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Sunday, Oct. 26, 2003 - 4:27 p.m.

Who knew that acorns were so small? The answer is probably “everyone besides Eva”, but I need to check. I’d never seen an acorn until I moved to SC; I don’t think there are oaks in Colorado or Hawaii. I’d always thought acorns were a couple of inches tall, more or less the size of a baby’s fist. Then when I moved here I was told that the half-inch nutlike things bombarding cars and foreheads across town were acorns. What?

I and my hangover just went for a walk, crunching acorns the whole way. They crunch so satisfyingly. They remind me of the thin ice that forms on puddles in Colorado at night, ice that shatters with a sharp, dry crunch like a china cymbal. I love crushing things beneath my feet.

The costumes went over surprisingly well last night; L and I won second place for Best Costume. I’m sure it was L’s excellent impression of M’s mannerisms that did it, since our costumes were pretty weak in themselves. Not that I didn’t try, and not that I’m not a genius: I spent days trying to figure out how to replicate M’s blond mustache and goatee on L. I bought some cheap yellow cream makeup and a light brown brow pencil, tried them out on myself, and was unimpressed. I checked a few stores for mustachey materials, finding nothing. Yesterday I drove out to a huge costume store that was absolutely mobbed with people, with wigs strewn all over the floor and wide-eyed employees wandering through the chaos. All the fake mustaches and beards were black and exaggerated – don’t people dress up as Teddy Roosevelt anymore?

I then had an Idea, a single moment of lightbulb-above-the-head inspiration. I bought some spirit gum, rushed to the nearest thrift store, sorted through the bins of toys until I found a suitably creepy blond doll, and purchased it for one dollar and five cents. I snipped off some of its plastic hair and glued it to L’s face, and it was perfect.

The main feature of my costume was big curly red hair. People thought it was a wig. It started out looking reasonably similar to D’s hair, but by the end of the night I just looked like Stevie Nicks.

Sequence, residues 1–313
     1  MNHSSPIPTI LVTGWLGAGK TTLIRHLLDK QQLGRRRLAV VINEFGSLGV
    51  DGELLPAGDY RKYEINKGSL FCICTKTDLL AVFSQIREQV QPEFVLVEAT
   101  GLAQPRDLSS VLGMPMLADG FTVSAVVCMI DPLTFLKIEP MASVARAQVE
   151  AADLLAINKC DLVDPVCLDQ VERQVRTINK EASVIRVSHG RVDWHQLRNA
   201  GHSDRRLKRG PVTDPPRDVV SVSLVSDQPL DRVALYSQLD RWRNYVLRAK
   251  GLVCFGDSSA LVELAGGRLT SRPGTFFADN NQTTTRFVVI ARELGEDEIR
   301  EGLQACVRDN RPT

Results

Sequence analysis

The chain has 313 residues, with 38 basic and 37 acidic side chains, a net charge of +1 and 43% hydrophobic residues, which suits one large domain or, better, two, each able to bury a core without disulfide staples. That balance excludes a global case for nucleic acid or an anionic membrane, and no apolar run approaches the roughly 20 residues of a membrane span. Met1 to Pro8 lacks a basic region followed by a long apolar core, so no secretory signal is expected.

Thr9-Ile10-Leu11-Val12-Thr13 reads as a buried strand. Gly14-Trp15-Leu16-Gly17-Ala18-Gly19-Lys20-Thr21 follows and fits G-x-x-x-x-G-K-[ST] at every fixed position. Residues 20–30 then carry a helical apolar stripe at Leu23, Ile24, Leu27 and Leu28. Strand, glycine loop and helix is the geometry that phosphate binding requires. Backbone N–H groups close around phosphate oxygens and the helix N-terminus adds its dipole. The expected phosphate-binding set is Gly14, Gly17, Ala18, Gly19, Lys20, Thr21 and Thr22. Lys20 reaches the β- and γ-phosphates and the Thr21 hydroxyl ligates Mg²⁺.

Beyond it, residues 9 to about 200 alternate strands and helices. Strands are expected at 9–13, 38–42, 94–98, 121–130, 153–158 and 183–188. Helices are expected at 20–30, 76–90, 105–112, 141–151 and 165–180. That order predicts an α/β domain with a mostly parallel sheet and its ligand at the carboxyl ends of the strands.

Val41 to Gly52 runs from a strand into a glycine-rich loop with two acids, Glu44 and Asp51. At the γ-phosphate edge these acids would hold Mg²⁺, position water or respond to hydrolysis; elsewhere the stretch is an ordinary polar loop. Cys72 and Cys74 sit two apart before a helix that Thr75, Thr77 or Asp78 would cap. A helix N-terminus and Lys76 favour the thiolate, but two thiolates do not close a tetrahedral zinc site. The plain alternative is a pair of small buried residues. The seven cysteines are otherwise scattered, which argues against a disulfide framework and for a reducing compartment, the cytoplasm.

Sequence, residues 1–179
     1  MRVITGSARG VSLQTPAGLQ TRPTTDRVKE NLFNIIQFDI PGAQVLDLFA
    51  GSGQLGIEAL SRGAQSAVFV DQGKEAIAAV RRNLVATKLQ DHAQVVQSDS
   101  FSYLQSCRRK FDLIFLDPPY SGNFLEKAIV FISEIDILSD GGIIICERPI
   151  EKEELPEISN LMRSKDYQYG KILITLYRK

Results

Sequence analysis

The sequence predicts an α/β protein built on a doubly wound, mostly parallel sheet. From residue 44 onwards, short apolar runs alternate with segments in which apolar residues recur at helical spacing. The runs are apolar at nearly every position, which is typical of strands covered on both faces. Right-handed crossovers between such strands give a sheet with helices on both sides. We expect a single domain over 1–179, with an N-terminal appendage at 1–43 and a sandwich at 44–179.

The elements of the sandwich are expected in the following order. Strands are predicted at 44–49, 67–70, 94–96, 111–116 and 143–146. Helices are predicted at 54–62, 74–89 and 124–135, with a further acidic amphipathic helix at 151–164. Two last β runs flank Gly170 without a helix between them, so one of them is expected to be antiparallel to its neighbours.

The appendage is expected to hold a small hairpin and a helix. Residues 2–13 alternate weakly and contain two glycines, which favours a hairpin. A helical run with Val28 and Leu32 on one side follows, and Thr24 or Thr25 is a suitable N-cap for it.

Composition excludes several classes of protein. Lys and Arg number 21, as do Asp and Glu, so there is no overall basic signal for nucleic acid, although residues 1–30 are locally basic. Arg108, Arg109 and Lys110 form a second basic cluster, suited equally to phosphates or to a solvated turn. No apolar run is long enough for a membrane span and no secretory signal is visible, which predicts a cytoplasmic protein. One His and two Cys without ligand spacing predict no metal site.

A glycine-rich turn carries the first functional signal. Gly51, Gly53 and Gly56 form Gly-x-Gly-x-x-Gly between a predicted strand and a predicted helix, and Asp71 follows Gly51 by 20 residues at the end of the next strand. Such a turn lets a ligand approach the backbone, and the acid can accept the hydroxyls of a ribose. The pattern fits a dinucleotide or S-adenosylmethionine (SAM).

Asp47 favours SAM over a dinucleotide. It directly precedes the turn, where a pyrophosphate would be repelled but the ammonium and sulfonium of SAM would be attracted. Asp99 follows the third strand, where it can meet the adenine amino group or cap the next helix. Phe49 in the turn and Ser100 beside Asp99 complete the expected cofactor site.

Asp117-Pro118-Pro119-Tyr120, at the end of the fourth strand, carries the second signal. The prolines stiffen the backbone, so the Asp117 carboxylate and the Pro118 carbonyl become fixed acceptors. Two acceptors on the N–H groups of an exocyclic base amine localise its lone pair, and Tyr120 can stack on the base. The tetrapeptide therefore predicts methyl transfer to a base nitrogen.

The party was made hilarious by the presence of ten guys from India who work with C, the host – everyone else at the party knew everyone else, so strangers were, well, strange. None of them had dressed up, and they were pretty weirded out by the whole affair, except for one of them who wore a Michael Myers mask and walked around saying “Look at me! Loooook at me!” He won third place. Another of the men used on several different women what may be the worst line I have ever heard. His name was Sidatchka, and his introduction consisted of him earnestly caressing your hand and saying “I am Sidatchka. An easy way to remember my name is the word ‘Seduction’. All these men are married except me.”

The Indian guys also brought food, most of which was quite excellent, with one serious exception. L and I were standing over the food table when I saw a large bowl of what looked like lychee in syrup: white two-inch balls in a clear liquid. L started to urgently say something, and at the same time the man who had brought the balls walked up. L stopped midsentence and said “Well, uh, why don’t you try one?” I did. It was like a cottony sponge dripping with flavorless sugar water. It did not go down easily, mostly because chewing had little effect on reducing its mass. “What’s this?” I asked the man, my saliva fighting for its life. “Cheese, sort of”, he said. “It’s milk, curdled with lemon, then the rotten part is rolled into a ball and frozen, then soaked in sugar syrup”. Mmmm. (I believe this is what I ate, except perhaps minus the rosewater -- there was no flavor, only a foul sweetness. No wonder I have a hangover.)

I think maybe this is what love is: you hear the first few notes of “Venus in Furs” through the din and glance at the person you came to the party with, foreheads crinkled because you didn’t expect your hosts to have such good taste, but you kind of understand why they would like this particular VU song, it being thematically consistent with their taste, but how did they hear it in the first place? And you both know as you look at each other that the other person is thinking that exact thing.

But how do you tell that apart from just being accustomed to someone? How different are the two, really?

Much, much later in the evening you find yourselves on a couch together looking for the Special Darks in the bowl of candy and watching a movie on the TV across the room. You ask what it is and he tells you it’s ‘The Exorcist’, which you have never seen. So he tells you the story, because you’ll probably never get around to actually seeing it. You can’t remember how you got to the couch, where you were right before that, and though you’re planning to leave soon, neither of you is moving. Your legs are touching and it’s warm but you’re not thinking about it, or really about anything. You sample the stale KitKat he’s unwrapped, curious as to what a stale KitKat might taste like. There is absolutely nothing remarkable about that moment: it’s completely ordinary, but you can remember it so well the next day. Maybe it’s because that moment is emblematic of just about everything, and its ordinariness is what makes it good.

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